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Re: yellow inheritance


Your post is very confusing to me and as indicated in his post,  by Joe
also. If we can not understand what you are trying to say, I am afraid
no one else will understand either. The dificulty is in going into a
discussion using  the genetic symbols without indicating what the
symbols stand for. Perhaps you are communicating with someone with whom
you have agreed what the symbols represent. But other people are also
reading and this subject is utterly confusing. You should not go faster
in your discussion than the reading audience can follow. If there is
anyone who does understand this gibberish, please tell me so and I will
shut up and learn something...but until then I suggest you explain the
use of symbols selected. They are unknown to the reading audience at
this point, IMO..

As for your question about how many genes control coloration  in hostas?

There are more than genes on nuclei which control coloration in hostas.
Where have you been during our discussion, asleep?

Jim Hawes

andrewl wrote:

> Ben wrote:
> >It is much simpler: green is always gg and yellow leaf is Yg
> to which halinar@open.org responded:
> RE:>>Don't you mean that green is yy and yellow is Yy? What is Yg?
> To which I pose the following;
> From what I can tell of this conversation, and my stumblings around
> into molecular bio, it seems to me that the equation is a bit more
> complicated than Yy or Yg.   Maybe it was gg and Yg on one set of
> alleles, but gg and Yb on another, and gw and Yw on another
> (respectively, pod and pollen parents).  Now 50% of the progeny would
> be Yellow and nuclear, but not because of a single gene.    Of course,
> leave it to me to take what is simple and make it complex, but
> consider this.   What I'm asking is, "how many genes are involved in
> coloration of Hosta"?
> Drosophila Melanogaster has three genes involved with the trait of red
> eye color.  The trait for red-eye color is carried on Chromosome 1that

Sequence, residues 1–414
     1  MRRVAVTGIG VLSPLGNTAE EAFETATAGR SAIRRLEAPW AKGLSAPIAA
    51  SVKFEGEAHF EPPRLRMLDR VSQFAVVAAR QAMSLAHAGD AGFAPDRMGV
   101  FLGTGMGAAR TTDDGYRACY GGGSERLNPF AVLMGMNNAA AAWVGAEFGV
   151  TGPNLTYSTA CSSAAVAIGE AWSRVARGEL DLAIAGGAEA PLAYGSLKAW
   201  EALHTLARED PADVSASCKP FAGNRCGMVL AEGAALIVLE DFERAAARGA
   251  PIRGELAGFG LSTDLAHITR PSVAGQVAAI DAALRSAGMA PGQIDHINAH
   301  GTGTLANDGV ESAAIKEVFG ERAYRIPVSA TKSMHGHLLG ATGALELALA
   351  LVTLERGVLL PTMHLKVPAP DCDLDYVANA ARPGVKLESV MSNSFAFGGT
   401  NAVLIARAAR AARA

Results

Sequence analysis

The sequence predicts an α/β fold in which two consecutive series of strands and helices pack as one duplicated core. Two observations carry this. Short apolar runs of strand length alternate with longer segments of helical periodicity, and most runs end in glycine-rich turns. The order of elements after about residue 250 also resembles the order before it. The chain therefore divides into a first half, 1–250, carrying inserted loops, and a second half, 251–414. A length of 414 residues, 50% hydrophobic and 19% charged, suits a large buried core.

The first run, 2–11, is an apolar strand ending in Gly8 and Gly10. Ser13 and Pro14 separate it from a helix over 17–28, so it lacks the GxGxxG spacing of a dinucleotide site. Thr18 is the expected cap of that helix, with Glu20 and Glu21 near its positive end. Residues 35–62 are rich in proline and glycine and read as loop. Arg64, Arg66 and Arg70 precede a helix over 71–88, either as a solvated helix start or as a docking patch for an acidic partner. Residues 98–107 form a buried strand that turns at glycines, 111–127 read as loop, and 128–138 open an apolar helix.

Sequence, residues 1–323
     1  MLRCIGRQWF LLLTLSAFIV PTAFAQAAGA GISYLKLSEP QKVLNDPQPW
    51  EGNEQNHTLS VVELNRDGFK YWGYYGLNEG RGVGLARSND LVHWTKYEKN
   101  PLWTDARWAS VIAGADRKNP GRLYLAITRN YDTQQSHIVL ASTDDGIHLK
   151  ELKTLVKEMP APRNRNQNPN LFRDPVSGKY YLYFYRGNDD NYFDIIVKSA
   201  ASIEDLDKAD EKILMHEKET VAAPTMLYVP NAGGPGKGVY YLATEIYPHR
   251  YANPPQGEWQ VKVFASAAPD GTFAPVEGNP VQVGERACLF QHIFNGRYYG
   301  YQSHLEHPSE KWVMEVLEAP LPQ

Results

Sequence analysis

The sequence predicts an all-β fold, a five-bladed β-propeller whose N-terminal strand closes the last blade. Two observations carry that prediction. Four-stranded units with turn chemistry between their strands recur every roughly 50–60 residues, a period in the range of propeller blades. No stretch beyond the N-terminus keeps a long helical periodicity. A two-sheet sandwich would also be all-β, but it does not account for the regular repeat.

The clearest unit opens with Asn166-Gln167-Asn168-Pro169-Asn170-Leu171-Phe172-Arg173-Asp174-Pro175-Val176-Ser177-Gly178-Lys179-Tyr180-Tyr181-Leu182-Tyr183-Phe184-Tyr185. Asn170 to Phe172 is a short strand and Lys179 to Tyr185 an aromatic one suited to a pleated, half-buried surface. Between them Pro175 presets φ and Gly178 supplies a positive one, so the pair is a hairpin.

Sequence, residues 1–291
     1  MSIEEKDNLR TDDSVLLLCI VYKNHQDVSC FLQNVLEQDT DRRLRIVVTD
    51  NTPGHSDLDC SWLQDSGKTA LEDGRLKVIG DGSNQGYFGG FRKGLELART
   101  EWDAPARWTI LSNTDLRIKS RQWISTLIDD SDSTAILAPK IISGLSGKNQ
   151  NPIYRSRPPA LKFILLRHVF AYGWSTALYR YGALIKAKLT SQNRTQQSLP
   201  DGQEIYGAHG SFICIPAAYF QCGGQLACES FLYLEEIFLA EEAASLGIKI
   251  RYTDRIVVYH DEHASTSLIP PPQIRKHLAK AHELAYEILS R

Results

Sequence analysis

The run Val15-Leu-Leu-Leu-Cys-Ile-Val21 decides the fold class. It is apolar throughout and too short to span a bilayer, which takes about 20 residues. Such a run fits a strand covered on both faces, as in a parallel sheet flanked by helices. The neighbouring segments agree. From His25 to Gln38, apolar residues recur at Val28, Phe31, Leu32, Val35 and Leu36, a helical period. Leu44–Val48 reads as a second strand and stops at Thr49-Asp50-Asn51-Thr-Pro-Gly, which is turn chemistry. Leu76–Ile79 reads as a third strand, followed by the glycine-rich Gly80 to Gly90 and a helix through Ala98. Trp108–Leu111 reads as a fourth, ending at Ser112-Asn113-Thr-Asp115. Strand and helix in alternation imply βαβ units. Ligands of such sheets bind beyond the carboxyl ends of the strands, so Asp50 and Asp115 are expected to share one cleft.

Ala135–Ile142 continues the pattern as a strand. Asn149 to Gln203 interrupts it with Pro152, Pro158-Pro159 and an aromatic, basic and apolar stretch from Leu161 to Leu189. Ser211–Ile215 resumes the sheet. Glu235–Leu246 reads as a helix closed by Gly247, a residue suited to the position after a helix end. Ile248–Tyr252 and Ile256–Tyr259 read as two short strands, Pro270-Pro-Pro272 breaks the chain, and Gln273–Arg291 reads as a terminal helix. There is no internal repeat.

> also happens to carry the gene for control of gender (X-Linked, I
> believe).  Crossing over in meiosis is not a rare event.  In humans,
> and most other eukaryotic species, meiosis cannot even be completed
> properly unless each pair of homologous chromosomes takes part in at
> least one crossover  (Biology, Starr & Taggart 1998, pg. 200).  The
> more distant the gene from the centromere, the higher the probability
> that a crossover will disrupt the linkage (ibid, pg. 201).   The
> crossover in Drosophila is so pronounced that in the F1 cross between
> a white-eyed, mininiature-winged female with a red-eyed, normal winged
> (wild) male, 50% of the offspring switch genotype with the gender
> intact (or you could look at it the other way).  In the F2 generation,
> 36.9% were recombinants on at least one of the traits.  The genes were
> swapped on the chromosome for sex in F1, but 36.9% switch back on two
> of these traits in the F2 generation (ibid, pg 200).  (Original work
> of Thomas Hunt Morgan).
> If this occurs in meiosis in Drosophila, it seems likely that it
> occurs in meiosis in Hosta.  The question I need to better understand
> is how likely is it that this crossing over occurs in MITOSIS, as well
> as meiosis, which eventually leads to sports.  (I just read Ben's
> article in AHS HJ, Vol 30. No. 1, pgs. 56-58), and while I could agree
> with Ben that mit rec is one very likely explanation of the origin of
> sports (as is crossing over in meiosis THE explanation for genetic
> changes, leading to plastid changes that lead to new phenotypes, both
> stable and unstable), I have some questions that need to be resolved
> regarding this statement that ALL Yellow progeny from a cross of a
> Yellow Cultivar with a Green Cultivar would be due exclusively to
> nuclear DNA changes as a direct result of the cross with the Yellow
> pollen parent.
> What percentage of the progeny would have been Yellow if the pod
> parent had been selfed?  Was there a control in this experiment?  Do
> you state this in an article and I've simply missed the reference?  If
> so, please let me know.
> BTW, would mitotic recombination in the meristematic tissues
> potentially INCREASE if one adds more water and sunlight during the
> early spring (or would this be more likely to simply affect those
> plants that are more subject to Chimeral Rearrangement).    Could one
> increase the appearance of sports simply by manipulating the variables
> of water and UV radiation?
> Also, I believe that Jim Wilkins article (HJ, V30, No1, Pg 58) which
> follows Ben's is pointing out that there is good cause to believe that
> coloration in Hosta is controlled by mulitple genes.  I am wondering
> about BZ's statement that "all sports that are due to chimeral
> rearrangement are identical".  A phenotypically and significantly
> different plant but it is genetically identical?  I'd like to see
> base-pair sequencing or geneome mapping that would back up this
> statement, Ben.  Can you point me to some research?  :-)
> P.S.  Has anyone begun the process of sequencing and isolating genes
> that influence coloration in Hosta?  Maybe Ben Lockhart or Frank
> Riehl?
> P.S.S.  My next question Ben may be about linkage mapping as a means
> to better understand sporting.  I probably have to sign up for a class
> and send you money before you'll venture into that discussion.  :-)
> --
> Andrew Lietzow
> #1 Plantsman at http://hostahaven.com
> 1250 41st St
> Des Moines, IA 50311-2516

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